There are two obvious weak links in this process. First it may turn out too complicated for cultural heritage institutions to the identify substantial amounts of works as being Out of Commerce. According to the directive Works are Out of Commerces Works "when it can be presumed in good faith that the whole work [...] is not available to the public through customary channels of commerce, after a reasonable effort has been made to determine [this] (Article 8(5)). While this definition makes a lot of sense for published works such as books and journals it will be much harder to operationalise for other types of works such as artworks, audiovisual works or photos (although recital 30 further clarifies that works were "never intended for commercial use or that they have never been exploited commercially" are included in the definition).
The second weak point is the fact that while the directive requires Member States to ensure that representative CMOs can issue licenses for collections of Out of Commerce Works that include works by non-members, it does not require them to do so. This means that CMOs can simply refuse to issue licenses for example because they are not commercially interesting for them. In situations where a representative CMO exists but does not (want to) issue a license the cultural heritage institution cannot proceed with making the the works available as the fallback exception only applies in situations where a representative CMO does not exist.
Dialogue with rights holders will be essential
Fortunately both of these weak points can still be addressed in a meaningful way during the national implementations of the directive. Article 11 requires Member States to "consult rightholders, collective management organisations and cultural heritage institutions in each sector" before establishing specific requirements for the determination of Out of Commerce status of works. Member States shall further "encourage regular dialogue between representative users' and rightholders' organisations, including collective management organisations, and any other relevant stakeholder organisations, on a sector-specific basis".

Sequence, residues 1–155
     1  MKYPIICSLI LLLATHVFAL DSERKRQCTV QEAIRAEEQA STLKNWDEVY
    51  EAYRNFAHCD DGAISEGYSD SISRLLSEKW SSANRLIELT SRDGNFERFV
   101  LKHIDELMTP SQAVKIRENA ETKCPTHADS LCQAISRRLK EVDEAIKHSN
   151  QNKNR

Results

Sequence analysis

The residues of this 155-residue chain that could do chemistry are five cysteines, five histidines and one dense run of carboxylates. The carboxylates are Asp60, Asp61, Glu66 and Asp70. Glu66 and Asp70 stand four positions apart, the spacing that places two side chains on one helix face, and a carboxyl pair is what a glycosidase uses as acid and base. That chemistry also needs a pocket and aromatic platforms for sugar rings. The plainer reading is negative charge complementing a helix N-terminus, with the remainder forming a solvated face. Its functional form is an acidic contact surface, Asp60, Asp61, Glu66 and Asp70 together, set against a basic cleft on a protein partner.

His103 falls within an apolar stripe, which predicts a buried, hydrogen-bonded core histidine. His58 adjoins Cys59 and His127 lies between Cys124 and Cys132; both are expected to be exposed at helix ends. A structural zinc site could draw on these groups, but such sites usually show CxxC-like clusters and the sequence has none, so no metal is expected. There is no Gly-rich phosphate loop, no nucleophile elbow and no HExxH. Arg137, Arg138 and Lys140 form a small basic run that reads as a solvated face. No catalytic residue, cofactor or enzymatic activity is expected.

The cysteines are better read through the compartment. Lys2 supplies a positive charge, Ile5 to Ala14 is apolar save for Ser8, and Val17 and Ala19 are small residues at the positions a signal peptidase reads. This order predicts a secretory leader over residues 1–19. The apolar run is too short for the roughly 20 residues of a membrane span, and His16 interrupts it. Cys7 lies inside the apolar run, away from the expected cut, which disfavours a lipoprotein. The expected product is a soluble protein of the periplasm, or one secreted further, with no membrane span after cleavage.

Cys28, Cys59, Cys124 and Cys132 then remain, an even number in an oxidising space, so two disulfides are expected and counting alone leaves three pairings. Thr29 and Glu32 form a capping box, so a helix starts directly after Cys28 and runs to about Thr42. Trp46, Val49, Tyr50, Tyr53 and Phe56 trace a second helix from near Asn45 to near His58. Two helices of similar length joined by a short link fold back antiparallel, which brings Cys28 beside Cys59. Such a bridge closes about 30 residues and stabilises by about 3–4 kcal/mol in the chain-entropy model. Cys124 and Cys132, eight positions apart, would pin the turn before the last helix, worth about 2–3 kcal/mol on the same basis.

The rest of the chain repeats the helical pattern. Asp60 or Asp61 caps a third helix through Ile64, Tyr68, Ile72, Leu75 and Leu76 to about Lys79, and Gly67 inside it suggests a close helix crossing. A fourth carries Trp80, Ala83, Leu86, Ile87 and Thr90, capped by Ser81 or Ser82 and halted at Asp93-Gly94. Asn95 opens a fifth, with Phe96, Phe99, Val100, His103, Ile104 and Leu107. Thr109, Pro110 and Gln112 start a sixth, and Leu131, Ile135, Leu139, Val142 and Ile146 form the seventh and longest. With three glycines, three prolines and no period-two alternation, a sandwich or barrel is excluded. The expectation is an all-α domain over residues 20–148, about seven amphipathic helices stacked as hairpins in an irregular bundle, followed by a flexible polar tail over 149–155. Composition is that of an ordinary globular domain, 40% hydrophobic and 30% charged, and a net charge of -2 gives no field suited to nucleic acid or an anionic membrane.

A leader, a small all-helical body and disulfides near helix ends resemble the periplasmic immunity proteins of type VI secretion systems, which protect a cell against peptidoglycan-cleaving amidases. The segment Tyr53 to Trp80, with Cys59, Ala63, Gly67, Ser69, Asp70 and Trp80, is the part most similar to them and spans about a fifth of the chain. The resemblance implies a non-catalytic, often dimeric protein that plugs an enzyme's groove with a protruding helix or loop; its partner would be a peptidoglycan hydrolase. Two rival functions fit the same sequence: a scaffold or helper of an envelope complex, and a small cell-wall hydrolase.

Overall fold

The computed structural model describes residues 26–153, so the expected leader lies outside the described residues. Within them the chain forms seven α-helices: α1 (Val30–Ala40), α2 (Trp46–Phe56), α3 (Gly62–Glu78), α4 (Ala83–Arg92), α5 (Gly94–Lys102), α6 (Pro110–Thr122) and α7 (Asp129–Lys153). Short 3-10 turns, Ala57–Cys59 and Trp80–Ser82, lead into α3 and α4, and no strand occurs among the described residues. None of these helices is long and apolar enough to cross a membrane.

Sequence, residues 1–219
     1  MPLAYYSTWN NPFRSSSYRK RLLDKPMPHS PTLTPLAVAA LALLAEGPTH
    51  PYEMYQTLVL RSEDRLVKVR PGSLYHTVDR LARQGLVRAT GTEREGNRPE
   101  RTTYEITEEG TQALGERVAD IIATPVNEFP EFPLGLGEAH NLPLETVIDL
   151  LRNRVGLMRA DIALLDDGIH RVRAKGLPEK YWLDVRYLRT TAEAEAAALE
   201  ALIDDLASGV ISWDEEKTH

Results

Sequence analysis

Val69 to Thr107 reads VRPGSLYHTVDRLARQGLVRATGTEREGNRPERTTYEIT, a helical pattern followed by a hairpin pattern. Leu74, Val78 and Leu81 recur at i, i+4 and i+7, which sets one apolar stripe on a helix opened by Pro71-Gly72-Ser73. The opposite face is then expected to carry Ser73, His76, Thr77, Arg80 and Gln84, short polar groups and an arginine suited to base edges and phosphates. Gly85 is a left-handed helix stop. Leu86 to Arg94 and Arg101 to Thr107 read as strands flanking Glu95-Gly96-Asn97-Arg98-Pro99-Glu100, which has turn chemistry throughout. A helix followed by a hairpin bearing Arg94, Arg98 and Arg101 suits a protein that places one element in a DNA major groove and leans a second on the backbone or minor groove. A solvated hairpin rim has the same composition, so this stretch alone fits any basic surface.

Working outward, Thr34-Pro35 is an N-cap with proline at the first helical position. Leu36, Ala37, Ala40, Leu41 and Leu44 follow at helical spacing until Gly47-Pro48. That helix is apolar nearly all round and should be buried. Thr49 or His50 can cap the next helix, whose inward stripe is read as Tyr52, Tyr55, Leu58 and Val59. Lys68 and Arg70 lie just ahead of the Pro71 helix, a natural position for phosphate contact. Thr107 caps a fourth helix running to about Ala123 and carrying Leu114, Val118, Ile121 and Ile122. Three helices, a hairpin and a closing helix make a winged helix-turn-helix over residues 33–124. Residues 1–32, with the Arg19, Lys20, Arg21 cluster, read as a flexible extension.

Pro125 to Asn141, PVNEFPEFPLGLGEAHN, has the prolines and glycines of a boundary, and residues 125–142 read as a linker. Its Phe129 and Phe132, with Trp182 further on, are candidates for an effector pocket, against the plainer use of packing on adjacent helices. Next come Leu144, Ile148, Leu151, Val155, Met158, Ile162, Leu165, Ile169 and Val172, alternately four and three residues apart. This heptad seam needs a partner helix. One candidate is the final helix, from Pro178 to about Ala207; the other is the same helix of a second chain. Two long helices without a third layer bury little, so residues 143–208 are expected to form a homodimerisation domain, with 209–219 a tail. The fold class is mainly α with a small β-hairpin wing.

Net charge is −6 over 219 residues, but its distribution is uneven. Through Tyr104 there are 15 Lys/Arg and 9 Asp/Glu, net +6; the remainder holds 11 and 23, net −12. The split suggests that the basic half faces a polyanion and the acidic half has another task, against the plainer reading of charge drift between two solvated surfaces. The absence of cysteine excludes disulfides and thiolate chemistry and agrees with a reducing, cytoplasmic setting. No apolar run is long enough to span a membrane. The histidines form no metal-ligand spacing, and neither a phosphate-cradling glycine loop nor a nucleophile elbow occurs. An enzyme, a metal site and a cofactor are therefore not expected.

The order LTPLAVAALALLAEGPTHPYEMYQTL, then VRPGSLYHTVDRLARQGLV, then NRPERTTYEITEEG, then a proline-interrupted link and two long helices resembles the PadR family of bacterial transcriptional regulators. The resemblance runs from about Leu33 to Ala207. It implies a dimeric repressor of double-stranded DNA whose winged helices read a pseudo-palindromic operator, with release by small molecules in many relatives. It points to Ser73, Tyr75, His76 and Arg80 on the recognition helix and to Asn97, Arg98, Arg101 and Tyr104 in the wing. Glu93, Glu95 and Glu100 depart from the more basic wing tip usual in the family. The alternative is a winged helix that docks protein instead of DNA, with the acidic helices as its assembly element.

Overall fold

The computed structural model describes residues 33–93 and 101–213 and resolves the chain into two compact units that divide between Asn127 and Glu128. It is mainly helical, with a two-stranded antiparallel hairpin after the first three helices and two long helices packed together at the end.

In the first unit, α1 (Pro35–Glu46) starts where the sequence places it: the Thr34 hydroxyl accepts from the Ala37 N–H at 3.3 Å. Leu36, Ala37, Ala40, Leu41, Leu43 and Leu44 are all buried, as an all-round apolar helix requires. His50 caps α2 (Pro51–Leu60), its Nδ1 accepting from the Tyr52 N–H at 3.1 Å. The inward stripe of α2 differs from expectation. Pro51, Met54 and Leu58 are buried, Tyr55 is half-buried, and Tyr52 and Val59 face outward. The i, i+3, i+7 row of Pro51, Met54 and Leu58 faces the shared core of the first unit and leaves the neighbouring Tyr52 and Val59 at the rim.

This means that the question of how useful the directive will be in practice will depend a lot on a good collaboration between cultural heritage institutions and collective management organisation on the Member State level. At this national level these dialogues provide an opportunity for all stakeholders to agree on workable rules for determining the Out of Commerce status of collections, to make clear determinations for which types of works the fallback exception does not apply and to establish trust between cultural heritage institutions and CMOs that can facilitate the conclusion of licensing agreements once the directive has been implemented.
The crucial role of the public single online portal
In addition to good collaboration on the national level it will also be essential that the "public single online portal" that will be developed by the EUIPO be designed in such a way that it facilitates the process of making Out of Commerce Works available online. By designing the portal as a service aimed at facilitating the mass digitisation of OOCWs the portal could significantly boost the impact of the directive.
This means that in addition to the minimal requirements identified in the directive the portal should also serve as an information hub for CHIs wanting to digitise collections of OOCWs and as a persistent resource for information about OOCWs and opt-outs registered by right-holders. It needs to allow batch uploads via a web interface and APIs and support commonly used metadata formats used within the cultural heritage sector. To be meaningful for visual works the portal further needs to allow the publication of reduced size thumbnails as part of the required identifying information.
All of this requires that the EUIPO closely involves all relevant stakeholders (cultural heritage institutions, collective management organisations and other rightholders) in the design process.
A unique opportunity
Despite their apparent complexity the new rules for Out of Commerce works have the potential to break open the gridlock that many cultural heritage institutions face when digitising their collections. Embedded in the implementation process is an opportunity for cultural heritage institutions to make their voice heard within their Member States. This means working with the relevant government officials to allow them to understand the needs and realities of the cultural heritage sector. Equally important this also means engaging in a dialogue with CMOs and rights holders to identify practical arrangements that work for both sides.